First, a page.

Reconstruction of a cult room from Çatalhöyük at the Museum of Anatolian Civilizations
The revolution has a beginning
There is no end to the revolution!
Yu. S. Kamenetsky (1967)
There is no end to the revolution!
Yu. S. Kamenetsky (1967)
Migrants and migrations. In the previous article, we talked about the so-called “agrarian revolution” in the life of our distant ancestors, who managed to domesticate many animals and plants that were useful to them and finally began to live a settled life. It is clear that not everyone and not everywhere immediately abandoned gathering and hunting, but there is no doubt that this happened in the area of the “fertile crescent”.
However, human life continued to develop and these are the changes that occurred in it after the domestication of animals and plants between the XNUMXth and XNUMXth millennia BC. e.
“The Holy Crescent” and the most ancient city in the world, Jericho!
Trinity of important changes
And changes in human life at this time occurred that were, in fact, extremely important. Three significant innovations entered the life of our ancestors: settled life, rural settlements and cities.
The transition to agriculture, which we discussed last time, is not without reason called the “Neolithic revolution,” but archaeological data speak of a smooth change in methods of obtaining food that took millennia. That is, this change can be called a “revolution” only in relation to its exceptional significance.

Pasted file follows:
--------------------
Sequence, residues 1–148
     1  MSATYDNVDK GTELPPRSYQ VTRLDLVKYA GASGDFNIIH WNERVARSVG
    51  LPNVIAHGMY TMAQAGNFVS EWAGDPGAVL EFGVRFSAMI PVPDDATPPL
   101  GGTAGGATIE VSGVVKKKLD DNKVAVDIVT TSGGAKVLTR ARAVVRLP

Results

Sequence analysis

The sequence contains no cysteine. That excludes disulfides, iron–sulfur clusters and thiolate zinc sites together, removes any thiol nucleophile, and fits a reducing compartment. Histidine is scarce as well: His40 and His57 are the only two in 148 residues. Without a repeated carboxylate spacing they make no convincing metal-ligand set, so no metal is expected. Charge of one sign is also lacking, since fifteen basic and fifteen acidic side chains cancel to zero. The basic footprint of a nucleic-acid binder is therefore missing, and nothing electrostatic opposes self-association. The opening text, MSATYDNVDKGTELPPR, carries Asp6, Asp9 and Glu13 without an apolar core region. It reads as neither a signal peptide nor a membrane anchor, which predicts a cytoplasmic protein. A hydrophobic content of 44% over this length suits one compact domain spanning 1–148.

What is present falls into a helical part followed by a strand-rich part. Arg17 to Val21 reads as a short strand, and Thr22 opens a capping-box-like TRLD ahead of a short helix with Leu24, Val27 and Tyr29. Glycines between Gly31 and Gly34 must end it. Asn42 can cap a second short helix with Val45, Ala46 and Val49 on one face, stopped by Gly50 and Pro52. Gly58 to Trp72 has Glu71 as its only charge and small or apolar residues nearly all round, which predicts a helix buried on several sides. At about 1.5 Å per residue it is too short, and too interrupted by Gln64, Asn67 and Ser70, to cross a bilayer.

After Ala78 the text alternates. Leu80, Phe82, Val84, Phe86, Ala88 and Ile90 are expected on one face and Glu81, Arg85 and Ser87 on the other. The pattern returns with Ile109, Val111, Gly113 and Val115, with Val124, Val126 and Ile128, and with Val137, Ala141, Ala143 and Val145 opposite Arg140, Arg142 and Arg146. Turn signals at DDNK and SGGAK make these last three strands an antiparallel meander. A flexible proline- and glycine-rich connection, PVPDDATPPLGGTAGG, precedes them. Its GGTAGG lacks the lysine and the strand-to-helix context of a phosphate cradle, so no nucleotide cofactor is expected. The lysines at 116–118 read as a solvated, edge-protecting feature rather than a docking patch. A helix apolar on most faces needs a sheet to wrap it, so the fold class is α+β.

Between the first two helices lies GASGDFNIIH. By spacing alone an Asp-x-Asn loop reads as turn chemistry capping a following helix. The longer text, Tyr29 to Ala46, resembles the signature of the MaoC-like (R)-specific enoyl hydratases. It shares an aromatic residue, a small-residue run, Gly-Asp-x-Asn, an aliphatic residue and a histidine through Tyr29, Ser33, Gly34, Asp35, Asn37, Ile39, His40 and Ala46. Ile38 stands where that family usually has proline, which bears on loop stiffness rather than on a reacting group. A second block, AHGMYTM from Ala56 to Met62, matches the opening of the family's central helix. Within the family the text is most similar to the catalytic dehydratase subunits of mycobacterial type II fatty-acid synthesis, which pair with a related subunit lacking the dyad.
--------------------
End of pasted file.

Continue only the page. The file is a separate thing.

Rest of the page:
In fact, it was a long and gradual process, much more consistent with evolution. But since they say so, we will not create new entities, but will only emphasize that the result of these “revolutionary-evolutionary” changes was a completely different world than the one that existed, let’s say, directly in post-glacial times.
A sedentary person is a “believer”
It is interesting that now the first changes traced by archaeologists concern not food production at all, but social relations. There was a tendency to live in one place for a long time, to build durable structures, and along with all this, rituals began to develop - a powerful factor in the cohesion of society. Perhaps this “ritual revolution” was even more important than the economic progress traditionally associated with the advent of agriculture.
Well, what is the essence of this “revolution,” someone may well ask, if certain rituals took place among the Neanderthals, and the anthropomorphic figurines of the “Mother Goddess” known to us are even many tens of thousands of years old? What new has already happened that makes it permissible to talk, again, about a “revolution”?
But here’s what: if all the previous rituals were performed, they were, so to speak, “in the open air,” whereas now in their settlements people began to build special religious buildings! Although not everywhere, which is still a difficult to explain mystery. We will, however, return to it a little later, but for now we need to once again pay attention to the role of the natural geographical factor in the development of human society.
Natural-geographical division of labor
The richest resources at that time were the banks of rivers and lakes. In addition, among the same floodplains of Southern Mesopotamia, where there is a lot of fish and aquatic game, the date palm grows in an excellent way.